October 17, 2008

Spotlight on Teaching English as a Second Language

Every Thursday, I spotlight a different career path. Given the job crunch that so many of us are experiencing, I’m doing my best to pick areas that are and will continue to be in high demand. Nothing can be 100 percent recession proof, but our Thursday spotlights are areas that still offer a lot of promise — even in these trying economic times.


This Thursday, the focus is on Teaching English as a Second Language (ESL). As far as recession-proof jobs, it doesn’t get much better than teaching, according to the U.S. Bureau of Labor Statistics.  ESL is a particularly promising field, given that:

  • 10 million immigrants have come to the United States since the year 2000
  • 1 in 4 people in California alone is currently learning English
  • 27 percent of all schools with bilingual/ESL teaching vacancies found them very difficult or impossible to fill, according to the National Center for Education Statistics http://nces.ed.gov/
  • From 1989 to 2000, the number of non-native English speakers in the United States grew by 104.7%, according to a survey performed by the National Clearinghouse for English Language Acquisition

What does an ESL teacher do?
ESL Teachers help non-native English speaking students to develop their English-speaking and writing skills. Along with teaching grammar and vocabulary, many ESL teachers also assist their students in acclimating to American culture.  ESL teachers may teach in elementary, junior high or high schools, or they may teach adults (typically at a local community college).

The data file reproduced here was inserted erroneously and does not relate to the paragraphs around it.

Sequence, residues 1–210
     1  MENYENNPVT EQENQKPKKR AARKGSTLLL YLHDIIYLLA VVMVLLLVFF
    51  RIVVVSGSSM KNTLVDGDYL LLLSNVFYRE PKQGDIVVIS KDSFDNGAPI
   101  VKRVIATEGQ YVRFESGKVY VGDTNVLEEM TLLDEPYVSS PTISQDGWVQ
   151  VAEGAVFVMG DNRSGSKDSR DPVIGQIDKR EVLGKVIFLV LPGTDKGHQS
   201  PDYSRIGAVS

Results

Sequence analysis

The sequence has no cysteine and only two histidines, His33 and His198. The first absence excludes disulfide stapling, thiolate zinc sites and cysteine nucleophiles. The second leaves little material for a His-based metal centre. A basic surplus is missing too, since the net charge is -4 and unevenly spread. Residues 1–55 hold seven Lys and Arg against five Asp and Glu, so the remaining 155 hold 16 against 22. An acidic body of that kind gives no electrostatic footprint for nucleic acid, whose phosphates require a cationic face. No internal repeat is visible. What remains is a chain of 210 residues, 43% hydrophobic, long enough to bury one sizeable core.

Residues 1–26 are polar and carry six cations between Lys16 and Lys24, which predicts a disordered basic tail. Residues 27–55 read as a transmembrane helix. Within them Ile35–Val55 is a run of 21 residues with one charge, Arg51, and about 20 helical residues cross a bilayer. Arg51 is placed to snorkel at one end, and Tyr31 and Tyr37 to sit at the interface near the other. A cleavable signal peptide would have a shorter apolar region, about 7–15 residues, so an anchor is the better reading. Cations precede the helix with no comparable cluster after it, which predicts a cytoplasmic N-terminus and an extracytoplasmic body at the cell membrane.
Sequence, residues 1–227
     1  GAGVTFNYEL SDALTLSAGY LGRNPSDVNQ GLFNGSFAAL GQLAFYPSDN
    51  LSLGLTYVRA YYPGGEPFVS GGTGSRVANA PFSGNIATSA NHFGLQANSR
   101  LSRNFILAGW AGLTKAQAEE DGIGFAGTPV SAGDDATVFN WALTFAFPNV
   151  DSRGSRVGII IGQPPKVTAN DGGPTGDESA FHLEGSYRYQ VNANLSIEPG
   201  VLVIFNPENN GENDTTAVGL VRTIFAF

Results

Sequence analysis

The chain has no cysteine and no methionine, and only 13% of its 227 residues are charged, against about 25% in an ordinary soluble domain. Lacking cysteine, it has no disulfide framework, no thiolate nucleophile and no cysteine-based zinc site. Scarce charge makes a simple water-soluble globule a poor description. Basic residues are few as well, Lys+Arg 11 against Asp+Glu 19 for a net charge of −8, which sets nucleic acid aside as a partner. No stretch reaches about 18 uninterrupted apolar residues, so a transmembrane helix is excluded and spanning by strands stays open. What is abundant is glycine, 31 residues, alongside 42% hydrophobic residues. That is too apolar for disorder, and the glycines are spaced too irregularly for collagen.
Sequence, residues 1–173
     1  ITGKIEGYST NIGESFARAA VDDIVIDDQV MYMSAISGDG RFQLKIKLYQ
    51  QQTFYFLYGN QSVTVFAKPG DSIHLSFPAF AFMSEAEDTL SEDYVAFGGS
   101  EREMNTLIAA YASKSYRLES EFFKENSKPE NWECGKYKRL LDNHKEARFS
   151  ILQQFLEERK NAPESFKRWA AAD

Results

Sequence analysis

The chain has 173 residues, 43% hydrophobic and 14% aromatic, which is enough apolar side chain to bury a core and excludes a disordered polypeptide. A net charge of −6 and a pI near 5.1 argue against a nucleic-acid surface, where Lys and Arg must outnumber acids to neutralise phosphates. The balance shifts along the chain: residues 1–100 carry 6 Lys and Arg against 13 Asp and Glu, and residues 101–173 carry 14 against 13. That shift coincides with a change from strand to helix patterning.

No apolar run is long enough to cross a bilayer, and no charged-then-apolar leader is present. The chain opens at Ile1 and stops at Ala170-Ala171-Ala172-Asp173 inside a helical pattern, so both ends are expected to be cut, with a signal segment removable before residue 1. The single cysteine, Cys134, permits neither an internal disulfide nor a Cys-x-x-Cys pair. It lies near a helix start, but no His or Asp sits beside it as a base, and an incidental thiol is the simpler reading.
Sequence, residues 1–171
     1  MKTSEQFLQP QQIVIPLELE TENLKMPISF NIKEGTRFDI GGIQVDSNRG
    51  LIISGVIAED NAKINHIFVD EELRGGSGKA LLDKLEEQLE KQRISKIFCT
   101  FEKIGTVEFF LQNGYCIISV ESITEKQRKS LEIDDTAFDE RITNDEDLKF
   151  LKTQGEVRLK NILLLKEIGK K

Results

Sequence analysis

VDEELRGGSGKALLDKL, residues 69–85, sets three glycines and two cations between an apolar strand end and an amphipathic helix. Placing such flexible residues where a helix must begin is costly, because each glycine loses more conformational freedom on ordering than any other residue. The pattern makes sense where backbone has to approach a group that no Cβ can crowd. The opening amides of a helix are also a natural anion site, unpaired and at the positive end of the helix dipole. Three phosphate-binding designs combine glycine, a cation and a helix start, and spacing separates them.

What education and certification is required to be an ESL teacher?
ESL teaching requirements vary from state-to-state. Various schools also have their own additional requirements.  Typically, an ESL teacher is required to hold:

  • Bachelor’s Degree in English or a related subject
  • Specialized coursework in Teaching English as a Second Language (TESL)
  • Specialization in bilingual, cross-cultural coursework
  • Teaching credential or certification

As a rule, most entry-level teaching jobs require a Bachelor’s degree plus a teaching certificate. If you wish to teach at a college or university, you will need to hold a minimum of a Master’s degree, even for an entry-level position.

What is the earning potential for an ESL teacher?
In 2004, the U.S. Bureau of Labor Statistics reported that K-12 ESL teachers earned a median salary of $41,400-$45,920. Some states even provide a financial bonus, like the $20,000 "signing" bonus in Massachusetts. Rutgers University in New Jersey recently advertised a full-time ESL teaching position for an 11-month work contract at $45,000/year.

Where can I learn more about ESL jobs?

Aside from the JobMonkey’s extensive Teaching English as a Second Language section, you might want to check out the following ESL sites:

By the way, if you’d rather travel abroad to do your teaching, opportunities should also be plentiful. 

  • English is the third most spoken language in the world, after Mandarin Chinese and Spanish (www.cia.gov)
  • 5% of the world’s 6.6 billion people are native English speakers
  • The British Council estimates that 1 billion are currently learning English as a second language
  • English is the international language for academics and the Internet

Stay tuned next week for more on how to land an ESL job abroad.


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